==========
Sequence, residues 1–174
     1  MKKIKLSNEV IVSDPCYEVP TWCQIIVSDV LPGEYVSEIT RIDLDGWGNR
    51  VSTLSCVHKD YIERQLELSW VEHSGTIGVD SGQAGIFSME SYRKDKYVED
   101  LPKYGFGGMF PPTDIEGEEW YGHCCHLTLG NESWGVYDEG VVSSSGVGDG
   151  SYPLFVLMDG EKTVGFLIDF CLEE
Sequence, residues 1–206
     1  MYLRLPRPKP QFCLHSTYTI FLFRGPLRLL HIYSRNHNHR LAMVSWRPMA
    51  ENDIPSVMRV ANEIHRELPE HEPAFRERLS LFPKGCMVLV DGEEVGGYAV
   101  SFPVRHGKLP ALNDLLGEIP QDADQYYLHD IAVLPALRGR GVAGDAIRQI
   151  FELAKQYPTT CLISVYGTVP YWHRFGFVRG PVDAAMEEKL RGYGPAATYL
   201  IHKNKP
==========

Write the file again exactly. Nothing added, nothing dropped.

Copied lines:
Sequence, residues 1–174
     1  MKKIKLSNEV IVSDPCYEVP TWCQIIVSDV LPGEYVSEIT RIDLDGWGNR
    51  VSTLSCVHKD YIERQLELSW VEHSGTIGVD SGQAGIFSME SYRKDKYVED
   101  LPKYGFGGMF PPTDIEGEEW YGHCCHLTLG NESWGVYDEG VVSSSGVGDG
   151  SYPLFVLMDG EKTVGFLIDF CLEE
Sequence, residues 1–206
     1  MYLRLPRPKP QFCLHSTYTI FLFRGPLRLL HIYSRNHNHR LAMVSWRPMA
    51  ENDIPSVMRV ANEIHRELPE HEPAFRERLS LFPKGCMVLV DGEEVGGYAV
   101  SFPVRHGKLP ALNDLLGEIP QDADQYYLHD IAVLPALRGR GVAGDAIRQI
   151  FELAKQYPTT CLISVYGTVP YWHRFGFVRG PVDAAMEEKL RGYGPAATYL
   201  IHKNKP